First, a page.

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    Infectious Disease Control Unit
    Mail Code: 1960
    PO BOX 149347 - Austin, TX 78714-9347
    1100 West 49th Street, Suite T801
    Austin, TX 78714

    Phone: 512 776 7676
    Fax: (512) 776-7616


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imageOther Useful Rabies Information

Compendium of Animal Rabies Prevention and Control, 2008. National Association of State Public Health Veterinarians, Inc.

This Compendium provides information on rabies control to veterinarians, public health officials, and others concerned with rabies control. These recommendations serve as the basis for animal rabies-control programs throughout the United States and facilitate standardization of procedures among jurisdictions, thereby contributing to an effective national rabies-control program. This document is reviewed annually and revised as necessary. Recommendations for immunization procedures are contained in Part I; all animal rabies vaccines licensed by the United States Department of Agriculture (USDA) and marketed in the United States are listed in Part II; Part III details the principles of rabies control.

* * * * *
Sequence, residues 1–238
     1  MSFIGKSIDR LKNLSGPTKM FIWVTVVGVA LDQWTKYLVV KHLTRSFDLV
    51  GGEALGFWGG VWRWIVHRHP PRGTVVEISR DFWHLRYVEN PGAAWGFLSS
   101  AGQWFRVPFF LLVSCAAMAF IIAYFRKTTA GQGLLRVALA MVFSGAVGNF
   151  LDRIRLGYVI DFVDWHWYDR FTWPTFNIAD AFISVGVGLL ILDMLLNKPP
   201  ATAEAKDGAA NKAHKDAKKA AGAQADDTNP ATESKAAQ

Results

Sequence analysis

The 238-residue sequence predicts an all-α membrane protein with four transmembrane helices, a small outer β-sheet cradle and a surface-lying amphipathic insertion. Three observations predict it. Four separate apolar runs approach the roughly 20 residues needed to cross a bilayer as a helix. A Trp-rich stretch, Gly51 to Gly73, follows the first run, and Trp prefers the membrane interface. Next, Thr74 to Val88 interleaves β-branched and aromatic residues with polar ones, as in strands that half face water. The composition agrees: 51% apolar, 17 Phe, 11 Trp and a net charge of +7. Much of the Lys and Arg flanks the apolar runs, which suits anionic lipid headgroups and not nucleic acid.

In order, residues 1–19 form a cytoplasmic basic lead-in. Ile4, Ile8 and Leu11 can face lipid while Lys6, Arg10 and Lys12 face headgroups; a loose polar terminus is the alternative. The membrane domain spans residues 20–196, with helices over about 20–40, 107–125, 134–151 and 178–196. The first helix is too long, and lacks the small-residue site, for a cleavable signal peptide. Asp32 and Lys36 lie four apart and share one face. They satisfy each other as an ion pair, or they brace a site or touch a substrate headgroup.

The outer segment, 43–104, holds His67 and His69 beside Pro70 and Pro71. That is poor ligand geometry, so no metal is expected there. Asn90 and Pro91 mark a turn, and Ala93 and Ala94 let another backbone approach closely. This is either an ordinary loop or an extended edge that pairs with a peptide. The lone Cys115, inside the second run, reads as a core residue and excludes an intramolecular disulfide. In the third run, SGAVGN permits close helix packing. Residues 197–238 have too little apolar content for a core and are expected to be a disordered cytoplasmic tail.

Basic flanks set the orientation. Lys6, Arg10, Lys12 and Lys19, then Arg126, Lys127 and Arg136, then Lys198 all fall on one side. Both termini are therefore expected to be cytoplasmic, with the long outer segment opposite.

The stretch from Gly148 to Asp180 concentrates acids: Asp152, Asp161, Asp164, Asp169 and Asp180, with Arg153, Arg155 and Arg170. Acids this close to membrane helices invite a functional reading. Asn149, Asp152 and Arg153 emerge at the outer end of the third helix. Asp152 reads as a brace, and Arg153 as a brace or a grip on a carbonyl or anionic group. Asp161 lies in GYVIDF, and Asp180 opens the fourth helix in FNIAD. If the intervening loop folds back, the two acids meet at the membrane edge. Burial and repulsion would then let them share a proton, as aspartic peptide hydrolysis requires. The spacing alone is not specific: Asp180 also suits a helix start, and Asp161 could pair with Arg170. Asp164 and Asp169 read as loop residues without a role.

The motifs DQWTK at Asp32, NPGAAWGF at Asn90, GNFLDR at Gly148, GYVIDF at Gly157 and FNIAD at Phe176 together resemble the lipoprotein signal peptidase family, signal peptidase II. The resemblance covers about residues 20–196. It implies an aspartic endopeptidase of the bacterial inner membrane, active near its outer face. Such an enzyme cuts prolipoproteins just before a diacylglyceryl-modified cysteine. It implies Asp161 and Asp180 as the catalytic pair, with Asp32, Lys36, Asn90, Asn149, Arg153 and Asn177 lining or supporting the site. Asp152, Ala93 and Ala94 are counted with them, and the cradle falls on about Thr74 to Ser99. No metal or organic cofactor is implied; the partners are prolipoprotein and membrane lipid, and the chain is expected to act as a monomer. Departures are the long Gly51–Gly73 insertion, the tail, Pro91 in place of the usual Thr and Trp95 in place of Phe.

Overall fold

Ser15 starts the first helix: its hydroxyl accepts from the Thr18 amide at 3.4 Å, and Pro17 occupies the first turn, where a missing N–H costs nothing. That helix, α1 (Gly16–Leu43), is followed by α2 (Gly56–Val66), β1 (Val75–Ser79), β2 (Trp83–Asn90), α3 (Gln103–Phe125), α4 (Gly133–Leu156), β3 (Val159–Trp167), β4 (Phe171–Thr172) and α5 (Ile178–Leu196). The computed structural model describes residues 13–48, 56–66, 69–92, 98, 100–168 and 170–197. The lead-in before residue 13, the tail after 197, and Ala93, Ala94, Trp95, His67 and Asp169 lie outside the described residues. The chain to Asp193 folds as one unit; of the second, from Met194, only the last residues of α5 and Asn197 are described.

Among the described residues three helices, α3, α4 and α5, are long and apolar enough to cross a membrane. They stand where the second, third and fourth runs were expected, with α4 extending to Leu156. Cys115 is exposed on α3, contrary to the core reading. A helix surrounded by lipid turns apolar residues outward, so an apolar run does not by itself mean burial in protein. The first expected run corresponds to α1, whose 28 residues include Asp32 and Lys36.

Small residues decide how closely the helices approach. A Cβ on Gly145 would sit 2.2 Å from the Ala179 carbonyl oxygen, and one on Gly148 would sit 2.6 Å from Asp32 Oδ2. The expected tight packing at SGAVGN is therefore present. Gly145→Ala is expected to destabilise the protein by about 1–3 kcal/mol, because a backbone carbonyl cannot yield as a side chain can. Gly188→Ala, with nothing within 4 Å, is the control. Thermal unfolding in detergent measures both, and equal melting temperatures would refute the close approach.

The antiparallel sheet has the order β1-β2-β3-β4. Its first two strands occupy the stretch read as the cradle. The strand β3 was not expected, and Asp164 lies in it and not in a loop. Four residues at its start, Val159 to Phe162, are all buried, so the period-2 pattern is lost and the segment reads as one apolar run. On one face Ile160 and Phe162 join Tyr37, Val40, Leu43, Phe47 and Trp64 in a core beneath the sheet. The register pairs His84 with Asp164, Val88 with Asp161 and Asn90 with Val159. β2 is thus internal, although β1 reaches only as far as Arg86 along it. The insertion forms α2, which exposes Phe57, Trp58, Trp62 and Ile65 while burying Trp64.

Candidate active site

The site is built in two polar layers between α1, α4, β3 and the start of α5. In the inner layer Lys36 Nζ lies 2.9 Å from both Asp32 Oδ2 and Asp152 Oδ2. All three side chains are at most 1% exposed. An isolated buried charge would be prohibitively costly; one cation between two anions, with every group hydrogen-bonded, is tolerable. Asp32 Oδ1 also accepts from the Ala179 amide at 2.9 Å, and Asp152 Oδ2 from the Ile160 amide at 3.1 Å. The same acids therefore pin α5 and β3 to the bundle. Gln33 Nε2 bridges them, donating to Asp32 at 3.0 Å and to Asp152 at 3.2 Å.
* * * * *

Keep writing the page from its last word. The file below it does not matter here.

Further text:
Disposition of Domestic Animals Exposed to Rabies in Texas. Texas Administrative Code, Title 25. Chapter 169.30

This portion of the Texas Administrative Code contains rules for the handling of domestic animals that have been exposed to rabies.

Texas Oral Rabies Vaccine Project Site

Has information on the past, present and future of the Texas Oral Rabies Vaccine Project (ORVP). The ORVP is designed to stop the spread of coyote and fox rabies.

During the last two weeks of February 1995, the Texas Department of Health (TDH) now known as the Department of State Health Services (DSHS), conducted a field trial of oral rabies vaccine. Although oral rabies vaccine had been used successfully in Europe and Canada to control rabies in foxes and on the eastern United States coast for raccoon rabies, this trial was the first attempt to control rabies in wild coyotes and is nearly 30 times larger in scope than any previous oral rabies project in the United States. This article describes the preparation for this effort.

Texas is the only state experiencing an epizootic of canine rabies, a strain historically associated with the greatest number of human deaths. Because coyote habitat includes most of the United States, not only is the rest of Texas at risk, but large areas of the United States as well, if the epizootic is not confined to South Texas.

Texas is currently the only state in which two rabies epizootics are occurring simultaneously: canine rabies in South Texas and gray fox rabies in West and Central Texas. In 1992, the Texas Department of Health Zoonosis Control Division began developing a long-term rabies control strategy which included a baiting system designed to orally immunize wild animals, a primary reservoir for rabies. This is a status report of that effort.

 


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Last updated March 05, 2013
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